WEST PALM BEACH, Fla. — The passage of Florida's new "Parental Rights In Education" law Monday is quickly creating backlash.
On Hollywood's biggest night, Florida was catapulted into the national spotlight.
The state's "Parental Rights In Education" bill — what critics have dubbed the "Don't Say Gay" bill — was the target of jokes during the first few minutes of the Academy Awards.
The bill was officially signed into law Monday.
"Is it a surprise? No. Is it disappointing? Yes," said Julie Seaver, the executive director of the Compass Community Center.
Coming off Palm Beach Pride Weekend, the Compass Center, a safe place for the LGBTQ community, said it has seen a wave of support locally and from outside Florida since the bill was passed.
"The state of California showed up for Florida LGBTQ residents and workers of Disney," Seaver said.
Now there is talk of possible boycotts and potential hits to Florida's economic engine, the tourism industry.
Popular and powerful tech journalist Kara Swisher, who is openly gay, wrote on Twitter she will no longer hold a tech conference next year in Miami after the bill was passed.
"Do I expect boycotts? Yes, I do. I don't know how many and when," said Peter Ricci, the director of hospitality management at Florida Atlantic University.
Ricci said Florida has a diverse economy of tourism, theme parks, pristine beaches and world-class conferences, and any cancellations would impact businesses still trying to rebound from the pandemic.
"If we lose group travel, any one conference could be between $200,000 and $5 million of economic value depending on size," Ricci said.
Discover the Palm Beaches didn't go on camera Monday, but tells WPTV it has not seen any impact on tourism or had any group cancellations surrounding the "Don't Say Gay" bill.
In a statement the president and CEO said:
"We celebrate and embrace the diverse and distinct thirty-nine cities and towns that make up our county and welcome all walks of life to live, work, and visit The Palm Beaches.”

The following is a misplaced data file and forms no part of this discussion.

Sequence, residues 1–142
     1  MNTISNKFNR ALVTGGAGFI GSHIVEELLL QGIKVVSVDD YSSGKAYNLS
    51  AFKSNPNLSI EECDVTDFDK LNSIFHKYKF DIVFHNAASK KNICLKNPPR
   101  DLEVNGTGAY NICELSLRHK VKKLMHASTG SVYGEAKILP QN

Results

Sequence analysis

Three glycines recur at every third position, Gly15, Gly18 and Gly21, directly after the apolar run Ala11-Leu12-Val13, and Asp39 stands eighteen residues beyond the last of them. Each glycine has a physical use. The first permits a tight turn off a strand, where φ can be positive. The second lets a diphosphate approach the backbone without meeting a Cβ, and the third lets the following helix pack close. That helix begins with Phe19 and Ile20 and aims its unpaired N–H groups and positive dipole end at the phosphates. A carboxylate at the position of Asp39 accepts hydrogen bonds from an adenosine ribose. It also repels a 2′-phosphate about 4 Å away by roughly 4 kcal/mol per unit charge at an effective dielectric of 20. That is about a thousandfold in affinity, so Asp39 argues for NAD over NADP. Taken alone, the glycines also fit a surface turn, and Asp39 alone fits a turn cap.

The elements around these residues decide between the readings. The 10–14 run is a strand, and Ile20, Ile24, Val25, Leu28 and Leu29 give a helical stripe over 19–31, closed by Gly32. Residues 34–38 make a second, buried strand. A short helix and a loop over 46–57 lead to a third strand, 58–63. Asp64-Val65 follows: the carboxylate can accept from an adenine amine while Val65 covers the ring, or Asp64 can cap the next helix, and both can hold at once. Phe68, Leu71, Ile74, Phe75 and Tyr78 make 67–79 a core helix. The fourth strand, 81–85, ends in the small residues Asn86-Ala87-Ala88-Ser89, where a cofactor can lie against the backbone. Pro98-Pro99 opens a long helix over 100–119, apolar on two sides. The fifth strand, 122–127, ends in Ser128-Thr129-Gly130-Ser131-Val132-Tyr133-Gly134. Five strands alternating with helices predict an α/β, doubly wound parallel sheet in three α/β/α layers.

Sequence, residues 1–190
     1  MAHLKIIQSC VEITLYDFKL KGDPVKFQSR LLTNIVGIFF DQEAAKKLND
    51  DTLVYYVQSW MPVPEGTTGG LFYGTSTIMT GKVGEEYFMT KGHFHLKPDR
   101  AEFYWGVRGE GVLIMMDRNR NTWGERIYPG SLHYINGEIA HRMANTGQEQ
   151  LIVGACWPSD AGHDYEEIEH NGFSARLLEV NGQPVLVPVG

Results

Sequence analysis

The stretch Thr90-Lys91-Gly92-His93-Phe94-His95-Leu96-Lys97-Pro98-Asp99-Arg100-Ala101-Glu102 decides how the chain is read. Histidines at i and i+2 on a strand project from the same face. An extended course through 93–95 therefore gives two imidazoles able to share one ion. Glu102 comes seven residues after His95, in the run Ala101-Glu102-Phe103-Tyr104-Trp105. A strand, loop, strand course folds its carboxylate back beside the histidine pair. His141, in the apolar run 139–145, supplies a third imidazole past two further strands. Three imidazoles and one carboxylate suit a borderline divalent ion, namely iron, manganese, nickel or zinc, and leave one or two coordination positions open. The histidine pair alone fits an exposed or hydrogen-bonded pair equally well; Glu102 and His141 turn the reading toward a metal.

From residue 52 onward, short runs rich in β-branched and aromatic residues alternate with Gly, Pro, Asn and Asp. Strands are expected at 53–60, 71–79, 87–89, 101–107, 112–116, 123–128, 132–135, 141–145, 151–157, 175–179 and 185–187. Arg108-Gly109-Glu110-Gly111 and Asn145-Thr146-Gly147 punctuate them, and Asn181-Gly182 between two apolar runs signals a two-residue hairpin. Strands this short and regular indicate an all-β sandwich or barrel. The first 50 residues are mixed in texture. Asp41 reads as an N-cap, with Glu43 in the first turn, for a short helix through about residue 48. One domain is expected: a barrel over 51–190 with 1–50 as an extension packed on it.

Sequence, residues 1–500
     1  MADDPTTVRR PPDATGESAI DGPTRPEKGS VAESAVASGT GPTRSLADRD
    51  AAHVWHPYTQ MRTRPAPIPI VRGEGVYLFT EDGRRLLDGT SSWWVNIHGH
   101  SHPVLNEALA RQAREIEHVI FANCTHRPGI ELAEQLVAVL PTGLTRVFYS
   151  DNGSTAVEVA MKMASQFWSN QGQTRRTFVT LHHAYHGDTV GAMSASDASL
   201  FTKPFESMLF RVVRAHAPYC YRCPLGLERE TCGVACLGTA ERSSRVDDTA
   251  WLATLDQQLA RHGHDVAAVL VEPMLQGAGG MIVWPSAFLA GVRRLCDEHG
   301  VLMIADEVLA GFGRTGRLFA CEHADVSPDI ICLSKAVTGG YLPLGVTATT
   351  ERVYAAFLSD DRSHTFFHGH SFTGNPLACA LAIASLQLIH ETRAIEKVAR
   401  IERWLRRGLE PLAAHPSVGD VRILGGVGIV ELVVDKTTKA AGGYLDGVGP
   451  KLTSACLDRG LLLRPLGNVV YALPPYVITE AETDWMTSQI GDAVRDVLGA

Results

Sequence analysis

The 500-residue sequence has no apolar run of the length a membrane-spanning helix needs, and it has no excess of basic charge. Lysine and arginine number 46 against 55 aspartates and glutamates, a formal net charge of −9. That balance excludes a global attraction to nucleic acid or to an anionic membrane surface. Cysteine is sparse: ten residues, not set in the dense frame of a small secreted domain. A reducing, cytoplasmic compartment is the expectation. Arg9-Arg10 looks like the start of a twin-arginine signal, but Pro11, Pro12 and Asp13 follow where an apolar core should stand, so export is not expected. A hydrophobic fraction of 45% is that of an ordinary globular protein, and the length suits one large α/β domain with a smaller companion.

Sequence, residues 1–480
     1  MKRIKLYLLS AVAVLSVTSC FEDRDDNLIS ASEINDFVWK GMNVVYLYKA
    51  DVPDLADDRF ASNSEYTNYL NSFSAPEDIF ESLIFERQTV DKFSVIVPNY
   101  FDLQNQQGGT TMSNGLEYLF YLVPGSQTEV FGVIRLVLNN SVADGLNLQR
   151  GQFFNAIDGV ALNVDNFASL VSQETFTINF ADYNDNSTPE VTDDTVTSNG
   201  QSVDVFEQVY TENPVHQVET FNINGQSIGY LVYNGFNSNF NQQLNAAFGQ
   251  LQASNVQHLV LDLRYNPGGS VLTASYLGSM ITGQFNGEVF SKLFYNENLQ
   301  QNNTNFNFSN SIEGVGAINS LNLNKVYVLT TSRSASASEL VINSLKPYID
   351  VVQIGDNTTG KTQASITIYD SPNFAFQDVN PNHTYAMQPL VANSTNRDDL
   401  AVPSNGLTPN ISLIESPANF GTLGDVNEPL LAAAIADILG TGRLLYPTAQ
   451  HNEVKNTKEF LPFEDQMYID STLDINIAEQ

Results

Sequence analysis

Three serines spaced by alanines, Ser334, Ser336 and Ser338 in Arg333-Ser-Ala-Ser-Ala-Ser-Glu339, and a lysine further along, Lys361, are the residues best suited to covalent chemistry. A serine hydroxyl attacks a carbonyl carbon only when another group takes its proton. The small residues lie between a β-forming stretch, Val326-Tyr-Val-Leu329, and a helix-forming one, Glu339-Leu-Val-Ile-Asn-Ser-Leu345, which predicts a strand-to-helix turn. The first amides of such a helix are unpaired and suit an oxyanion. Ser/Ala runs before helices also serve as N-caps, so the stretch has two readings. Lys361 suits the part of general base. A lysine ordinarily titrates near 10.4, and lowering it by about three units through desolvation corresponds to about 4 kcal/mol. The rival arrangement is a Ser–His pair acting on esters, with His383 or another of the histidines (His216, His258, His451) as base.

But a boycott can cost states big money.
In 2010, Arizona lost more than $140-million in convention business because of an anti-immigration bill.
The state also lost two Super Bowls after refusing to recognize Martin Luther King Day as a holiday.
And Georgia and North Carolina, both lost more than $100-million in revenue because of controversial bills.
"I'm surprised I haven't heard of cancellations yet. I'm surprised," Ricci said.
On Monday - Disney released a statement saying:
"Florida's HB 1557, also known as the Don't Say Gay Bill should never have passed and should never have been signed into law. Our goal as a company is for this law to be repealed by the legislature or struck down in the courts, and we remain committed to supporting the national and state organizations working to achieve that.
We are dedicated to standing up for the rights and safety of LGBTQ+ members of the disney family, as well as the LGBTQ+ community in FL and across the country."
Gov. Ron DeSantis' office said it's not concerned about boycotts or economic harm, adding the bill does not ban the word gay or single out any sexual orientation.
In a statement, DeSantis' press secretary said "If anyone actually boycotts Florida because they’re upset about the lack of sex and gender theory instruction in our kindergarten through 3rd grade classrooms, I’m confident that our state is better off without them."
She went on to say that "No amount of money would convince Governor DeSantis to change his position. He will always stand for parental rights and protecting children."
The impacts and possible backlash remain to be seen.